From its trailer, the high concept of "Yesterday," (out June 28) a Danny Boyle ("Slumdog Millionaire," "Trainspotting") and Richard Curtis ("Love Actually") team-up about a man who discovers he's woken up in a world where The Beatles never existed, got people buzzing. Does the full film live up to its elevator pitch? Here's what the reviews have to say:
A Global Blackout And A Fateful Accident Trigger The Beatles' Erasure And Our Lead's Rise To Stardom
A struggling musician named Jack (Himesh Patel), still barely hanging onto his passion in life thanks to the unwavering support and encouragement from his best friend/manager Ellie (Lily James), gets hit by a bus and is knocked out on the night when all power mysteriously gets cut off across the globe for a minute. He wakes up in the hospital to a new reality where The Beatles never existed, and he's the only one on the planet who remembers their songs.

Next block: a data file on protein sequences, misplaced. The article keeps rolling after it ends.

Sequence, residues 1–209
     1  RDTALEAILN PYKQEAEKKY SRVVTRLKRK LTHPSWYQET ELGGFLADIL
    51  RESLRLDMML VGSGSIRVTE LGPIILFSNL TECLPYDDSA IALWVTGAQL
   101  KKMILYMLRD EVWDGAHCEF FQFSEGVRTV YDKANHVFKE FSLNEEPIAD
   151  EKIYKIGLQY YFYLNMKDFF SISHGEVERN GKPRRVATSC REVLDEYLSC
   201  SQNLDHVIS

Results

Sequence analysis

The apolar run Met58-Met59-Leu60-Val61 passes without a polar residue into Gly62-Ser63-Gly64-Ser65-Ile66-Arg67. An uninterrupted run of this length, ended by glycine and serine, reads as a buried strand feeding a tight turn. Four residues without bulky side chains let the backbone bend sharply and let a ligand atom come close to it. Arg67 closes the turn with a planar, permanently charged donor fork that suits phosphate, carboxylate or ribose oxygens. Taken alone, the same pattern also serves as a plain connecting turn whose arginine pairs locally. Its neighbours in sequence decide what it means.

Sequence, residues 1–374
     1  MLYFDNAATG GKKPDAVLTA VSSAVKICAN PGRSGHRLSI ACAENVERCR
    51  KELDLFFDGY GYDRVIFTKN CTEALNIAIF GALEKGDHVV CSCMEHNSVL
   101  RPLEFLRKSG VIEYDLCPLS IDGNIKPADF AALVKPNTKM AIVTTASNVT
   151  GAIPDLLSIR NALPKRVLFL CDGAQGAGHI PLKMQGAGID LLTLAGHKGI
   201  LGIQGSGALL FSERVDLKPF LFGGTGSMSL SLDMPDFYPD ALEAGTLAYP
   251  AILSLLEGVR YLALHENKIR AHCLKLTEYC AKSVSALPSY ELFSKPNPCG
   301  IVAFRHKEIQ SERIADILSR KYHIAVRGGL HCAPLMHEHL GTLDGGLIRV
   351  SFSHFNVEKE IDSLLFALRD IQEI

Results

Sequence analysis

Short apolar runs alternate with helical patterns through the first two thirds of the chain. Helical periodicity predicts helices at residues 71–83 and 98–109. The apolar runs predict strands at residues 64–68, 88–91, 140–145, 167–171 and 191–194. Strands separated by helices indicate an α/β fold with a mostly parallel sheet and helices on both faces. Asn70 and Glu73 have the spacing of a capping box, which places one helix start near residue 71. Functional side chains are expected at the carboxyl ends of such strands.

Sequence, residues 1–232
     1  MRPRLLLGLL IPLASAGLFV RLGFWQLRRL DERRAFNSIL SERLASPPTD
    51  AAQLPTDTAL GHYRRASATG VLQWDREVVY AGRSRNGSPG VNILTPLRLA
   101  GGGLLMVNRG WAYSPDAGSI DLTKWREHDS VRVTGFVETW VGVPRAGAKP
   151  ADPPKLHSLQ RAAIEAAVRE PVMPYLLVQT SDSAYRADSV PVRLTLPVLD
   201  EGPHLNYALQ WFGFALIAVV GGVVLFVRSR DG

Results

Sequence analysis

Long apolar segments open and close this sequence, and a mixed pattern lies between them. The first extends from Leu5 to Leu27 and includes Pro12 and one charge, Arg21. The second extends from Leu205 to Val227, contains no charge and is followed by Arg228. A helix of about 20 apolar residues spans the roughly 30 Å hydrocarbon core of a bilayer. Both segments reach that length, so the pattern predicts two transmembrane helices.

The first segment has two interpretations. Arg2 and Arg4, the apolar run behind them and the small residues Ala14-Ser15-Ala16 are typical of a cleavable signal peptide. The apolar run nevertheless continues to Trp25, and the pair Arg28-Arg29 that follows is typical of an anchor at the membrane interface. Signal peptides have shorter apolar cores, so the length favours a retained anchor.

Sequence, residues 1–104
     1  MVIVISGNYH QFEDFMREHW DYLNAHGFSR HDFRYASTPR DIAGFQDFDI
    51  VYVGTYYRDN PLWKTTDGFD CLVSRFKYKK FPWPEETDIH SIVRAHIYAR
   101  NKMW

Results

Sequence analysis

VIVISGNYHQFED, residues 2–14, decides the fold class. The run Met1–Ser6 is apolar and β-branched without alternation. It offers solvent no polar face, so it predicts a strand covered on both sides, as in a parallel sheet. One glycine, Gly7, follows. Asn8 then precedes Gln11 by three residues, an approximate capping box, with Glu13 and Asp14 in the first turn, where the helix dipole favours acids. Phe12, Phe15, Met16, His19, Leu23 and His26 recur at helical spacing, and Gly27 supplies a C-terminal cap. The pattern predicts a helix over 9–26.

Jack scrambles to memorize as many Beatles lyrics as he can recall[…] Eventually, with the help of Ed Sheeran (who appears as a version of himself) and this faux Sheeran's faux manager, Debra (an overwound Kate McKinnon), Jack becomes a huge star by performing songs he didn't write and passing them off as his own.
The Film Doesn't Explore No-Beatles World To The Fullest…
It's very intriguing early on when Jack plays Beatles songs at coffee-shop gigs, and nobody even looks over. The music has zero impact on these people. What if things had developed so differently in the Beatles' absence that people would have no idea what they were missing, and, frankly, wouldn't care, because how can you miss what you've never had?
Here my inner pedant will not shut up: What if the popularity of the Beatles' music was as much a product of a specific time and set of circumstances as the music itself? What if, on first hearing "Yesterday," Jack's friends took it for an obscure Mumford & Sons B-side?